Date of Award

8-8-2017

Degree Type

Thesis

Degree Name

Master of Arts (MA)

Department

Psychology

First Advisor

Erin Tully

Abstract

There is uncertainty as to how heart rate variability (HRV), an index of flexible physiological reactivity, relates to an individual’s tendency to experience negative emotions. Research suggests that high and low HRV may reflect maladaptive physiological processes associated with negative affectivity and that association may depend on an individual’s use of emotion regulation strategies, such as cognitive reappraisal. The current study examined the moderating role of cognitive reappraisal in the quadratic association between HRV and negative affectivity. Electrocardiograms were recorded at rest for 269 young adults who then completed self-report rating scales assessing trait negative affectivity and trait cognitive reappraisal. As predicted, high and low HRV were associated with high negative affectivity at low levels of cognitive reappraisal. These results suggest that, contrary to traditional views, high HRV may not be an adaptive characteristic in the context of low trait reappraisal.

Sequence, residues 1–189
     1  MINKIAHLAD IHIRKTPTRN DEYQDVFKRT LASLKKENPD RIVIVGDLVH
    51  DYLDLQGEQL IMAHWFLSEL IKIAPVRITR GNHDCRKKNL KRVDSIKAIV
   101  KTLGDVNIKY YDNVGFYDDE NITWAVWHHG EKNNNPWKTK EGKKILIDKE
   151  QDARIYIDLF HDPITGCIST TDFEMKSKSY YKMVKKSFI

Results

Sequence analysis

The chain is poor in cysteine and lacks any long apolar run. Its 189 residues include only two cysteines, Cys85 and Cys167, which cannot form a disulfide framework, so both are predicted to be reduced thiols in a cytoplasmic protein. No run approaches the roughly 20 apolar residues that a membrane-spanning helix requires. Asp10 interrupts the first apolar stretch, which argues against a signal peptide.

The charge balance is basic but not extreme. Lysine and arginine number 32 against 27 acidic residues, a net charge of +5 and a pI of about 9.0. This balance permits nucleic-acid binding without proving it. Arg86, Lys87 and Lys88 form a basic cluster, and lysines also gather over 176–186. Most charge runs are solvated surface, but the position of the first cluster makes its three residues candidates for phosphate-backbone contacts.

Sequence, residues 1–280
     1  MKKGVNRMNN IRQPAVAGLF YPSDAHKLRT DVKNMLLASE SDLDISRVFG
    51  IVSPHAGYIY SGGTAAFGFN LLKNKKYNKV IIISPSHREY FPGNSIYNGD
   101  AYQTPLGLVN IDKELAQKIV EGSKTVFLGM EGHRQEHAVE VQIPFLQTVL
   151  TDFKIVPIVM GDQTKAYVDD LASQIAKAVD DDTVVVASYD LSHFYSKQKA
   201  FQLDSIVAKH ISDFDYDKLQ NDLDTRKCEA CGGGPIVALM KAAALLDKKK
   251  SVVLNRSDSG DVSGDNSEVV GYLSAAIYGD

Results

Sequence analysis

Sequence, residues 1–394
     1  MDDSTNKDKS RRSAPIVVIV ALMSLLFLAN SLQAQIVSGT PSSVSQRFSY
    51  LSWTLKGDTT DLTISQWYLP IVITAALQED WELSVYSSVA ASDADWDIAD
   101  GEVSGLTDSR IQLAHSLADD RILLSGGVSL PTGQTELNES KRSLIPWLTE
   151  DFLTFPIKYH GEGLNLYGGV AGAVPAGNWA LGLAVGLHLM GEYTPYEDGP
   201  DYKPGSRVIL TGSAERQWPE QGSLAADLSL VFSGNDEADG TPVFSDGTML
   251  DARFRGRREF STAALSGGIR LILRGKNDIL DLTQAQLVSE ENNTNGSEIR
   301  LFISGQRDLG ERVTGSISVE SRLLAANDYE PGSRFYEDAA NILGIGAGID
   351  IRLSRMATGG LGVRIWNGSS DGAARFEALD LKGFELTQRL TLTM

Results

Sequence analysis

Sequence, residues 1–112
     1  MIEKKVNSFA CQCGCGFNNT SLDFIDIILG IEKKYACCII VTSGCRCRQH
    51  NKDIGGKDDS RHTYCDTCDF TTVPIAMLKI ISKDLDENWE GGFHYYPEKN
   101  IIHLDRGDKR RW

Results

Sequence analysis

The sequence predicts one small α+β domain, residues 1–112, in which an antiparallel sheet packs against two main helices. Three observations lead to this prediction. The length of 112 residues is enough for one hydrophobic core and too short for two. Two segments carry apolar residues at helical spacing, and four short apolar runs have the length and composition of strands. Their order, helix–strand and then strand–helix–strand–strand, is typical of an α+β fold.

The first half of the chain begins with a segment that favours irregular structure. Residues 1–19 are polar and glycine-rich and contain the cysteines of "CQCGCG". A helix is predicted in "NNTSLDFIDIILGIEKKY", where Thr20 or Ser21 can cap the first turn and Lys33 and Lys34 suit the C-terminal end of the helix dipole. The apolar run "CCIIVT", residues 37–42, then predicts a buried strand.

Available for download on Saturday, July 20, 2019

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